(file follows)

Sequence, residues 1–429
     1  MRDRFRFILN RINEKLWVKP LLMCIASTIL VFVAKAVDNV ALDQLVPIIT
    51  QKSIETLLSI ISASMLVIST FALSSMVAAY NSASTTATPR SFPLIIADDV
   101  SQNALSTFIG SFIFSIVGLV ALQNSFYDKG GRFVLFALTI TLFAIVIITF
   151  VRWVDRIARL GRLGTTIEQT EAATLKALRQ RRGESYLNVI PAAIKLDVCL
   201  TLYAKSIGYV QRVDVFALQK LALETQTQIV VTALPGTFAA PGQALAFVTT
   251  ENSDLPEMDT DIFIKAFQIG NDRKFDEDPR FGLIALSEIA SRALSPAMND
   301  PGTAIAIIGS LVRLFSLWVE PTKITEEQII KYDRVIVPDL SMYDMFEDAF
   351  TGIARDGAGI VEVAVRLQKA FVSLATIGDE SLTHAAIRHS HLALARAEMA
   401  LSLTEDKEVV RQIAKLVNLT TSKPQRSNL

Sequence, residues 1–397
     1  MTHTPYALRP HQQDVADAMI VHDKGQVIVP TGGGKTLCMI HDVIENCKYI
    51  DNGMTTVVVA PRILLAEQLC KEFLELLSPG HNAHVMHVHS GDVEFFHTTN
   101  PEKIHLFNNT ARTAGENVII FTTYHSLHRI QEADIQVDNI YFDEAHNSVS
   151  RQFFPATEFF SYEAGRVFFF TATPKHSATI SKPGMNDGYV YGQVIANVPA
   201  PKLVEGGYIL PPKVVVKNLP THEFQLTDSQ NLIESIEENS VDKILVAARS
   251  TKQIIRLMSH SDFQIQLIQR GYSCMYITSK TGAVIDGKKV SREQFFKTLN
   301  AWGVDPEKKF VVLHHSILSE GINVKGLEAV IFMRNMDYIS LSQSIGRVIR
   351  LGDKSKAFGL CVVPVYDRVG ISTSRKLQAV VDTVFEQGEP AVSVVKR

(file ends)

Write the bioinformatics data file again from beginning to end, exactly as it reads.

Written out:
Sequence, residues 1–429
     1  MRDRFRFILN RINEKLWVKP LLMCIASTIL VFVAKAVDNV ALDQLVPIIT
    51  QKSIETLLSI ISASMLVIST FALSSMVAAY NSASTTATPR SFPLIIADDV
   101  SQNALSTFIG SFIFSIVGLV ALQNSFYDKG GRFVLFALTI TLFAIVIITF
   151  VRWVDRIARL GRLGTTIEQT EAATLKALRQ RRGESYLNVI PAAIKLDVCL
   201  TLYAKSIGYV QRVDVFALQK LALETQTQIV VTALPGTFAA PGQALAFVTT
   251  ENSDLPEMDT DIFIKAFQIG NDRKFDEDPR FGLIALSEIA SRALSPAMND
   301  PGTAIAIIGS LVRLFSLWVE PTKITEEQII KYDRVIVPDL SMYDMFEDAF
   351  TGIARDGAGI VEVAVRLQKA FVSLATIGDE SLTHAAIRHS HLALARAEMA
   401  LSLTEDKEVV RQIAKLVNLT TSKPQRSNL

Sequence, residues 1–397
     1  MTHTPYALRP HQQDVADAMI VHDKGQVIVP TGGGKTLCMI HDVIENCKYI
    51  DNGMTTVVVA PRILLAEQLC KEFLELLSPG HNAHVMHVHS GDVEFFHTTN
   101  PEKIHLFNNT ARTAGENVII FTTYHSLHRI QEADIQVDNI YFDEAHNSVS
   151  RQFFPATEFF SYEAGRVFFF TATPKHSATI SKPGMNDGYV YGQVIANVPA
   201  PKLVEGGYIL PPKVVVKNLP THEFQLTDSQ NLIESIEENS VDKILVAARS
   251  TKQIIRLMSH SDFQIQLIQR GYSCMYITSK TGAVIDGKKV SREQFFKTLN
   301  AWGVDPEKKF VVLHHSILSE GINVKGLEAV IFMRNMDYIS LSQSIGRVIR
   351  LGDKSKAFGL CVVPVYDRVG ISTSRKLQAV VDTVFEQGEP AVSVVKR